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When someone says that "my grandfather built this house", say now or even 20-30 years ago, do they mean their grandfather literally built that house from ground up?

Foundation, framing, wiring, plumbing, stucco, roofing — the works?! Or do they mean it to say "My family has lived in this house for 3 generations since my grandfather [paid someone to] build this house?" Potentially based on grandfather's design/vision. Sure maybe grandpa put in the floors or a custom bookshelf, but did grandpa literally build the house?

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So seems like we're not talking about a one-man job. Even if the Amish get together for barn-raising, one guy doesn't do it himself. Maybe one guy can build a cabin that has just the walls and maybe a stove. But for one person to do EVERYTHING like plumbing and drywall and etc? Seems unlikely. So I'm just wondering if the phrase really means "my grandfather was able to afford this house years back and he ordered one built here". –  Vadim May 30 '11 at 0:27
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I guess one main reason why I'm asking :) is because I just bought a property, tore it down basically to studs and build everything up from foundation to electrical, plumbing...everything. Can I say "I (or 'we' with my wife) built this house"? Because it's more than just "we did a lot of work on the house" since we really re-did everything, however I only did work on it at the end to do e.g. surround sound, but I didn't install the floor. Did "I" build the house? –  Vadim May 30 '11 at 0:29
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I think "rebuilt" or "renovated" would describe your situation, either one is much stronger than "remodeled". –  Ben Voigt May 31 '11 at 4:22

4 Answers 4

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It means the grandfather invested blood, sweat, and tears to bring it to fruition. Maybe directly through construction, or maybe through some equivalent sacrifice, such as working three jobs to pay for it.

The phrase wouldn't be used for contracting construction for a price which is easily within the means of the buyer. One would tend to use a verb like "commissioned" in that case.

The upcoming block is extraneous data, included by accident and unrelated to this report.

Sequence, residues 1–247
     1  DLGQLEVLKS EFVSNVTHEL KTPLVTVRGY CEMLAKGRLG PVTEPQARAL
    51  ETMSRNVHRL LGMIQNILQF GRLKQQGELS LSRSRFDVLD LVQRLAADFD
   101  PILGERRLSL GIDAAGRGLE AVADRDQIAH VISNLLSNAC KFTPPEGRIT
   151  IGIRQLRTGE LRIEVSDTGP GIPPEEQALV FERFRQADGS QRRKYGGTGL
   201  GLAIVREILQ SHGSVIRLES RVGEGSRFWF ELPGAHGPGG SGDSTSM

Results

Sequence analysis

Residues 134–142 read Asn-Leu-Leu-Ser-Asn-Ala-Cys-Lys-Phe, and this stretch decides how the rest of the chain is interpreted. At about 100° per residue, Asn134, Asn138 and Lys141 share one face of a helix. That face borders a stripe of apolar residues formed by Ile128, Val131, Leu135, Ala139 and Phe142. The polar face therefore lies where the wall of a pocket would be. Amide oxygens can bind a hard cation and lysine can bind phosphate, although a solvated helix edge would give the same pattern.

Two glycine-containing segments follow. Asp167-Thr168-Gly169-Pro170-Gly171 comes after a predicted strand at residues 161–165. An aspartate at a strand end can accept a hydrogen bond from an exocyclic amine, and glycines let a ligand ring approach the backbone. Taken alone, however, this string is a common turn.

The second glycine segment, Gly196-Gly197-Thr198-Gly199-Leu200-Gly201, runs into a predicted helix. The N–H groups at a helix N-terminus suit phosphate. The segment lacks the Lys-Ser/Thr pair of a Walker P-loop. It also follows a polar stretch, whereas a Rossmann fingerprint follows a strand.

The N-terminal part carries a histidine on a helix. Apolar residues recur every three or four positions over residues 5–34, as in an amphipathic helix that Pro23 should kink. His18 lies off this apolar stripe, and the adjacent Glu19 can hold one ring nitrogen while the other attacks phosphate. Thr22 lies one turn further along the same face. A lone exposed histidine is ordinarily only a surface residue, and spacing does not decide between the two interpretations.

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I really like the notion that it's the "all in" investment to "build" a house through "3 jobs" like you said. That makes most sense to me. Thanks. –  Vadim May 31 '11 at 2:41

It could mean either, depending on the context. People will frequently say they built their house when they mean they got it built for them - and in fact, as an architect, we would often speak of a build being "built by" a famous architect when actually they designed it and possibly managed the construction of it.

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Surprising as it may seem, quite possibly yes. Of course it all depends where you live and what kind of house we are talking about.

As a rule of thumb, the most agrarian the culture the most probable that would be. In older times, building a house was very much a friends and family matter. Everybody would participate and the beneficiaries would return the favour when the opportunity would present itself.

It is also very much how it still happens today in many developing countries. Taking it to the extreme I know of cases in remote parts of China where the future proprietary sets a date and everybody comes in to give a hand and the house is completed in a few days. This way of doing was still in use a few centuries ago in many Western countries.

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It could mean either. In some way, he was responsible for the house being built, either by constructing it himself, or just paying for it. There's no way to tell in this context. It's not typically meant to be taken literally, but more as hyperbole meant to create some emotional context for whatever it is the speaking was talking about.

In a similar way, various groups are often claimed to have "built this county". The particular group will vary depending on the person speaking and the point they are trying to make.

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+1: This is pretty much what I had mostly typed out before your answer appeared. –  Robusto May 29 '11 at 22:48
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Whenever I hear how somebody 'built this country' I always picture Slartibartfast's signature on the glaciers. –  mgb May 30 '11 at 16:45

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